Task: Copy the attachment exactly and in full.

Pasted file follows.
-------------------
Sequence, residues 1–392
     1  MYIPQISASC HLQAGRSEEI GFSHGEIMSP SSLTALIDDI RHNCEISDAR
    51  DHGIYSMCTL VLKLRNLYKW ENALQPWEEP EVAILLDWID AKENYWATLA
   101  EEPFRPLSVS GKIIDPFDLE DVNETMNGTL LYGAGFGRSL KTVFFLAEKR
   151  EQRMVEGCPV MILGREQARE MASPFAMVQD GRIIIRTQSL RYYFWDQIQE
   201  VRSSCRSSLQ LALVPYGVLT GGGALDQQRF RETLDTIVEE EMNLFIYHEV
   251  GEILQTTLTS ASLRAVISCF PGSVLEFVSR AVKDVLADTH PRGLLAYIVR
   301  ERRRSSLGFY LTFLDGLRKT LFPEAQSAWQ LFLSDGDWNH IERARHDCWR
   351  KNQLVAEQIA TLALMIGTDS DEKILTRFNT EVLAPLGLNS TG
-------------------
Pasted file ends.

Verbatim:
Sequence, residues 1–392
     1  MYIPQISASC HLQAGRSEEI GFSHGEIMSP SSLTALIDDI RHNCEISDAR
    51  DHGIYSMCTL VLKLRNLYKW ENALQPWEEP EVAILLDWID AKENYWATLA
   101  EEPFRPLSVS GKIIDPFDLE DVNETMNGTL LYGAGFGRSL KTVFFLAEKR
   151  EQRMVEGCPV MILGREQARE MASPFAMVQD GRIIIRTQSL RYYFWDQIQE
   201  VRSSCRSSLQ LALVPYGVLT GGGALDQQRF RETLDTIVEE EMNLFIYHEV
   251  GEILQTTLTS ASLRAVISCF PGSVLEFVSR AVKDVLADTH PRGLLAYIVR
   301  ERRRSSLGFY LTFLDGLRKT LFPEAQSAWQ LFLSDGDWNH IERARHDCWR
   351  KNQLVAEQIA TLALMIGTDS DEKILTRFNT EVLAPLGLNS TG